“Dialogue is urgently needed” in Egypt US Secretary of State Hillary Clinton said on Wednesday. A new Egyptian constitution should protect the rights of women and minorities she said but did not comment on the proposed constitution that is up for referendum.
Many Egyptians are angry with the US and Secretary Clinton in particular for showing support for President Mohamed Morsy after his election victory this summer.
Jon B Alterman, director of the Middle East programme at the Washington based Center for Strategic and International Studies, said viewing the US response to Egypt’s first democratic elections as supporting Morsy was a misguided way. “I would say there is no outright support of Morsy,” he said. “There is support for a democratically elected president, which is not support for this government, but rather support for a process that has led to this government now and in the future will lead to governments of all political stripes. For the US it is not about the outcome, but the process.”
Now that process may be in danger. There are many reasons that protesters marched on the Presidential Palace Tuesday evening, but one that many of them share with the current US administration is the notion that the future of Egypt should remain open to competitive political ideologies.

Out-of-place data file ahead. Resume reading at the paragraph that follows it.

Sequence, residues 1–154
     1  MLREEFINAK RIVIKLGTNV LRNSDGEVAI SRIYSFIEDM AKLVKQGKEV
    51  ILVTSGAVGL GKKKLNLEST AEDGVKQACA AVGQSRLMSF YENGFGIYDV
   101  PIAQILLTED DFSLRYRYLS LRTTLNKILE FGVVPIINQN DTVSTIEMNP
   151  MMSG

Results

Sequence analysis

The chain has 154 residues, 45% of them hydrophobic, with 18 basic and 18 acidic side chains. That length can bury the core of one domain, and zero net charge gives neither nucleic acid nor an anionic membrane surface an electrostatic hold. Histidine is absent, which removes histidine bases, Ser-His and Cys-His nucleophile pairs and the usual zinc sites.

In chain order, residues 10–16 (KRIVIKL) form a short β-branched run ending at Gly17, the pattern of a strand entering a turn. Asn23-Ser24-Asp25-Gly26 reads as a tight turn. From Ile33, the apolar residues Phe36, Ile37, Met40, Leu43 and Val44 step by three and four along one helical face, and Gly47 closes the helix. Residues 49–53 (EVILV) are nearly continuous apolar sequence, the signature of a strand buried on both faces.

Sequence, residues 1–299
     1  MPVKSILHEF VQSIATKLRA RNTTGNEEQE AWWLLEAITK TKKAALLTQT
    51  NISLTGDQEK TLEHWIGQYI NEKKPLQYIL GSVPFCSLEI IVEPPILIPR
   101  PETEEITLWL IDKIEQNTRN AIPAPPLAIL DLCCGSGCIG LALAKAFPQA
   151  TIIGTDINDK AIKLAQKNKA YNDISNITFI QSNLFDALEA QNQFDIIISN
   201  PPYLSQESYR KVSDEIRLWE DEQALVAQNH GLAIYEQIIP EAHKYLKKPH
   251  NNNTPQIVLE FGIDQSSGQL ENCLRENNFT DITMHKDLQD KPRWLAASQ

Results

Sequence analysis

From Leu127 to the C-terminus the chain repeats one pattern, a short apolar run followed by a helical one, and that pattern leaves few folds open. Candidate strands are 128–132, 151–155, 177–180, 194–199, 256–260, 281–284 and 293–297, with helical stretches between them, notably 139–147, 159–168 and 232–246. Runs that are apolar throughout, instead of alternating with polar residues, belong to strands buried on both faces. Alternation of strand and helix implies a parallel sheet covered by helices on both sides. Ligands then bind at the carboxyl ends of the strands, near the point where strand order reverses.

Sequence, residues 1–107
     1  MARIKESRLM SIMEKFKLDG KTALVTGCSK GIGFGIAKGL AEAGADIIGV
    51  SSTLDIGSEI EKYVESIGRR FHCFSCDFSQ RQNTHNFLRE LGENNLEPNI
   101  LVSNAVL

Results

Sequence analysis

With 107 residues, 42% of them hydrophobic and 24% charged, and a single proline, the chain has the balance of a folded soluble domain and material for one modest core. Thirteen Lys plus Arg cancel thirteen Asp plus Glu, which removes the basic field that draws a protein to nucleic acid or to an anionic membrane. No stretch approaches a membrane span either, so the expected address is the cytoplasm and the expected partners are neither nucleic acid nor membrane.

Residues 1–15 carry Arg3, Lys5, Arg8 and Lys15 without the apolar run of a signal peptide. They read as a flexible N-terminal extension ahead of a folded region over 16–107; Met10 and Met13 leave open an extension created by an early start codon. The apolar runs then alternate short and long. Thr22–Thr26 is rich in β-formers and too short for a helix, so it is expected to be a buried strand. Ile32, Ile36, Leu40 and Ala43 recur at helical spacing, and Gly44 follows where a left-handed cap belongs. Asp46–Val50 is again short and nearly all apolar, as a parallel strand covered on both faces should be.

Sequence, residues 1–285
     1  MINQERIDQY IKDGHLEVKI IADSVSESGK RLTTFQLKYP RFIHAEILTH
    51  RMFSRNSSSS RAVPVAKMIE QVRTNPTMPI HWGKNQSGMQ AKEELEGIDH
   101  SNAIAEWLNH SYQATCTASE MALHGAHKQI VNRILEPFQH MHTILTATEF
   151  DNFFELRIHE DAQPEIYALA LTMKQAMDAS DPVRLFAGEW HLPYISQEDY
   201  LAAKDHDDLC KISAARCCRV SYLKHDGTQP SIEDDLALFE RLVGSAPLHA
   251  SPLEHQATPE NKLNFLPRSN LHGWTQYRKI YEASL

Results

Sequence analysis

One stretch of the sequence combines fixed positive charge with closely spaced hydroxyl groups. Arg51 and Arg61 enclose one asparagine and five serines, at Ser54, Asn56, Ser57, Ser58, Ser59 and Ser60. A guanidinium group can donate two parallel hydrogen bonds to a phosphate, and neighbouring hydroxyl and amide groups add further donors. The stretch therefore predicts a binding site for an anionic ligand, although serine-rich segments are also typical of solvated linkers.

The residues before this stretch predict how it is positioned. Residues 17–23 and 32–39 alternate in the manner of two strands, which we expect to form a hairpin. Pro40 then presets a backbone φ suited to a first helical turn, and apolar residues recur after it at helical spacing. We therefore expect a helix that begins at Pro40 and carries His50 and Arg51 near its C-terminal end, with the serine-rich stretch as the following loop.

Alterman said he believes the timing of Clinton’s comments can be contributed to a “genuine sense of concern.” He went on to say that this concern was being felt throughout the administration. “I think there is genuine concern that things could take a turn that is very hard to correct. There was concern about the presidential decree and there is concern about a polarisation in Egypt. What is clear in everyone’s mind is that we are in the middle of a process. If that process gets waylaid or short-circuited in some way that leads to violence or authoritarianism, the results will be felt for a very long time.”
During the US state department’s daily press briefing on Tuesday, which, because of the time difference, took place roughly simultaneously with the events outside the presidential palace, deputy department spokesperson Mark Toner said, “obviously there’s a lot of tension in Cairo right now. We would simply urge that protesters express their views peacefully and that they be given the environment, if you will, to protest peacefully.”
While the US has not condemned the proposed constitution, the administration has stressed the importance of inclusiveness. Toner went on to say, “I think it’s important as the process for approving the constitution moves forward that it be viewed as credible to the Egyptian people.”
Discussing the US’s apparent unwillingness to condemn outright Morsy’s recent actions or the draft constitution itself, Alterman said, “you don’t generally condemn friendly countries. They may talk in private, but the idea of embarrassing somebody makes it hard to get what we want, which I think we have shown consistently, is to build a constructive relationship with the government of Egypt.”